I have a software RAID-10 setup on Linux 3.16.6-203.fc20.x86_64, with 1.2 metadata and the default chunk size (512K):

$ cat /proc/mdstat
md0 : active raid10 sdc1[4] sdb1[0] sdd1[2] sde1[3]
      3907023872 blocks super 1.2 512K chunks 2 near-copies [4/4] [UUUU]
      bitmap: 4/30 pages [16KB], 65536KB chunk

unused devices: <none>

The filesystem is ext4, on top of LVM, on top of the RAID-10 volume group.

$ df -k .
Filesystem                     1K-blocks      Used  Available Use% Mounted on
/dev/mapper/vg_raid10-lv_home 2015734504 810039552 1103278568  43% /home

with mount options:

$ mount | grep vg_raid10-lv_home
/dev/mapper/vg_raid10-lv_home on /home type ext4 (rw,relatime,seclabel,stripe=256)

Everything seems fine. SMART indicates all disks are perfectly normal with no reallocated, pending, or offline sectors. Raw synchronous write throughput seems to be reasonably good:

$ dd if=/dev/zero of=tmp.bin bs=1G count=1 oflag=dsync
1+0 records in
1+0 records out
1073741824 bytes (1.1 GB) copied, 7.85743 s, 137 MB/s

However, when writing small 100b (EDIT: as pointed out in the answers, I was writing 512 byte chunks, not 100 byte chunks) to the RAID-array, it is extremely slow (around 84ms per synchronous write):

$ dd if=/dev/zero of=tmp.bin bs=512 count=1000 oflag=dsync
1000+0 records in
1000+0 records out
512000 bytes (512 kB) copied, 84.2859 s, 6.1 kB/s

Is this normal for the RAID-10 configuration that I have?


RAID10 does not accelerate any form of O_*SYNC, at least not for small files. You're writing 512b at a time, and after each write forcing it out to disk (plus the metadata required to read it back, e.g., file size).

That requires RAID10 writes to at least 2 disks, probably 4 (i.e., all your disks). And all those writes need to be completed before it can return to dd, as that's the guarantee O_DSYNC asked for.


Your dd command gives me 73.7 kB/s - on a SSD. So yes I guess it's normal. Or rather, dd just isn't a good benchmark.

RAID certainly does not do any speedups for small files. Access times still remain the same, and for a small file that's what will take most of the effort for HDDs, getting the read head to the physical address of the file in the first place will take longer than actually reading it.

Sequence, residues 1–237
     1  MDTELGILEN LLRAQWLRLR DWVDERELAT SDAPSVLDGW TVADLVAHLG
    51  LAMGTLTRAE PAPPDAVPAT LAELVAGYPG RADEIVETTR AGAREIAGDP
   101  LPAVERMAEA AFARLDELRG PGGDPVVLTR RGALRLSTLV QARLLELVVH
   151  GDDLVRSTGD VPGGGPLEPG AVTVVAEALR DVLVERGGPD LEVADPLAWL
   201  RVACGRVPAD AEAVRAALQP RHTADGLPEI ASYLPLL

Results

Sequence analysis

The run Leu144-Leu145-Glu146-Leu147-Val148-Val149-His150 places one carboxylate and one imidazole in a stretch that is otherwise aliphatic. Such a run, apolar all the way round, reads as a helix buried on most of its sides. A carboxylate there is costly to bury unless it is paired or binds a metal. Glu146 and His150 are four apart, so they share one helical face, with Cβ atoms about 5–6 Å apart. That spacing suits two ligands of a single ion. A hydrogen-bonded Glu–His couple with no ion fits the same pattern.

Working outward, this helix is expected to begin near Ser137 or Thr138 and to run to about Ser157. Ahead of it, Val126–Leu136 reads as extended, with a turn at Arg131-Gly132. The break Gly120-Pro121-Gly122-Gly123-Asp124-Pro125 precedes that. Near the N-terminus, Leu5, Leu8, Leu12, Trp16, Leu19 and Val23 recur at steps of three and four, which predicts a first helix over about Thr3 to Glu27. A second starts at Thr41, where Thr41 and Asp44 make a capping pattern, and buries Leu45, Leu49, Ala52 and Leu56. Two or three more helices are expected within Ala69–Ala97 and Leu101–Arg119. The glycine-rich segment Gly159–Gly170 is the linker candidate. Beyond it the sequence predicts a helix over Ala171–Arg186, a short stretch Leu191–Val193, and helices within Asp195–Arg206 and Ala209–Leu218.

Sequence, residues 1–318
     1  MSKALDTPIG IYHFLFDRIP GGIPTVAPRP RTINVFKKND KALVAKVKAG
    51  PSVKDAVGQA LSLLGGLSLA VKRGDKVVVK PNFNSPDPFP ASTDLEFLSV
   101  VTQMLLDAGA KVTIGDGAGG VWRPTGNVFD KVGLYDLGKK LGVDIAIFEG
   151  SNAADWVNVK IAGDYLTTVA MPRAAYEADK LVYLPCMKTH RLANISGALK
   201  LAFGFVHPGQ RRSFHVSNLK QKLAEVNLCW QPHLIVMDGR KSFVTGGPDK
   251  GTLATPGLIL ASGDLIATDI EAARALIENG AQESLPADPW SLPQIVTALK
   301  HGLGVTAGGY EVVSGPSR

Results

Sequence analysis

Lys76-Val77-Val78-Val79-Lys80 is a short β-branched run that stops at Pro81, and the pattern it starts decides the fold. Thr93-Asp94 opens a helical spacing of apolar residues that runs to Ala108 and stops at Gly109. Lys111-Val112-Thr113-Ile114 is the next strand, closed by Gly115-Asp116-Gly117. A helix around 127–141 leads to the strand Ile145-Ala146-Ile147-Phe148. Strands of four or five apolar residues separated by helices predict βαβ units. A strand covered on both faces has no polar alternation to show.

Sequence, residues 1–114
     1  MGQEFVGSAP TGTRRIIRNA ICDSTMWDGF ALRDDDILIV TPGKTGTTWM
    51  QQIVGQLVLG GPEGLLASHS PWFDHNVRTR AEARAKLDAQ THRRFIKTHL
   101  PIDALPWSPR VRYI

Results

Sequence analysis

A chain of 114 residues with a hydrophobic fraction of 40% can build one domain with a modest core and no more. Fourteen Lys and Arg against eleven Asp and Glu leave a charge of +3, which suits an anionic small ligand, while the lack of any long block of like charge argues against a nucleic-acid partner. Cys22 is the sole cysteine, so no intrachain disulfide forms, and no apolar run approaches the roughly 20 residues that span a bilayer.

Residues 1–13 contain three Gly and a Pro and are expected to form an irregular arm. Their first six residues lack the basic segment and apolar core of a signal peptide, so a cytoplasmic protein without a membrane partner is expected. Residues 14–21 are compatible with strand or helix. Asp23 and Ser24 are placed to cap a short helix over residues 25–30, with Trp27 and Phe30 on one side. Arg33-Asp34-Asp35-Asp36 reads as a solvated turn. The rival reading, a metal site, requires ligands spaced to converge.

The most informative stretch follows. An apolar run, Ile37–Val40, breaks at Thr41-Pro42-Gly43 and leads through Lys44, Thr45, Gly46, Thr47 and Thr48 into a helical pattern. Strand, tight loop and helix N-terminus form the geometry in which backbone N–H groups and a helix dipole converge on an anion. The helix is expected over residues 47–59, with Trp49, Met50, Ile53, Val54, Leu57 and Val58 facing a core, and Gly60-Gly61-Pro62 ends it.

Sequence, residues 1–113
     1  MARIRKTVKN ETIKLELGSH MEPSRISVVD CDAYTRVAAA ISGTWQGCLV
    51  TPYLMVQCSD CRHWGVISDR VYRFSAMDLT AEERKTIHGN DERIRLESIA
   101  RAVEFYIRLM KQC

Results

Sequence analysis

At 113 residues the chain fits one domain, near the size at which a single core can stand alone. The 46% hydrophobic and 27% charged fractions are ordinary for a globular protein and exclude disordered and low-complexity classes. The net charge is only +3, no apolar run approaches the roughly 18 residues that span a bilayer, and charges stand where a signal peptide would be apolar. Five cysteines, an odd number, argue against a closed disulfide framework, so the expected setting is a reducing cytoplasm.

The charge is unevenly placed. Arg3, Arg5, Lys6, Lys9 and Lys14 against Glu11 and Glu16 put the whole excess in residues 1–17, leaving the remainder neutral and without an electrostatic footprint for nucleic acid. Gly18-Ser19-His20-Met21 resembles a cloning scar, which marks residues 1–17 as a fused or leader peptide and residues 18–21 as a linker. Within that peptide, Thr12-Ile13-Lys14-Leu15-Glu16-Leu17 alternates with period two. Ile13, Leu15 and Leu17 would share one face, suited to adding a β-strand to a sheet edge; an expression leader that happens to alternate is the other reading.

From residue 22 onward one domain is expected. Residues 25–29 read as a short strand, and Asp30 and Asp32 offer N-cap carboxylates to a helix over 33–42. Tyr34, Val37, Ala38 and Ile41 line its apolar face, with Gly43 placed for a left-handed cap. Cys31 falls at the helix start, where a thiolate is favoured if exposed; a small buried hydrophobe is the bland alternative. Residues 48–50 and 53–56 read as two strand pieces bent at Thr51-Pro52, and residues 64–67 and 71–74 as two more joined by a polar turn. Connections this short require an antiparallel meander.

(You're slowing it down even further if you have 4K sector disks, which are having to do something special to do a write of less than a full sector.)


You're not doing "100b" (byte? blocks? what was your intention?) chunks, you're doing 512 byte chunks. That is always slow because the RAID is using 512k chunks. That means that for every 512 bytes the RAID system has to read a 512k chunk, update 512 bytes in that chunk, compute its parity, and write the data + parity out to disk. It has to do the update, parity calculation and 512k + 512k parity write every time for each of the 1000 blocks you're writing. The read is only done once as that's kept in the buffer cache, and the entire operation only takes one RAID chunk.

So, yes, that's normal. Don't do that :-)

EDIT: the above would be true for RAID5. For RAID10 the parity isn't calculated, but for each dd block of 512 bytes there is still 2 times a write of 512k, one for each mirror. So you're still writing a total of 1000MB while updating just 512k. Possibly the system is smart enough to only write out the updated sectors, but I strongly suspect that's not what's happening. Also consider the updates to the write intent bitmap.

  • No, it doesn't. This is RAID10, not RAID5 or RAID6. There is no parity.
    – derobert
    Nov 5 '14 at 16:03
  • Argh, sorry, you're right. But that only removes the calculation and parity write; there is still 1000 time a write of 512k.
    – wurtel
    Nov 5 '14 at 16:05
  • No, RAID1, RAID0, and RAID10 do not have to work with the full chunk. Only with the bytes that actually change.
    – derobert
    Nov 5 '14 at 16:07
  • raid5/6 don't work with the full chunk either. the chunksize is more about physical distribution; the parity calculation takes smaller units Nov 5 '14 at 23:38

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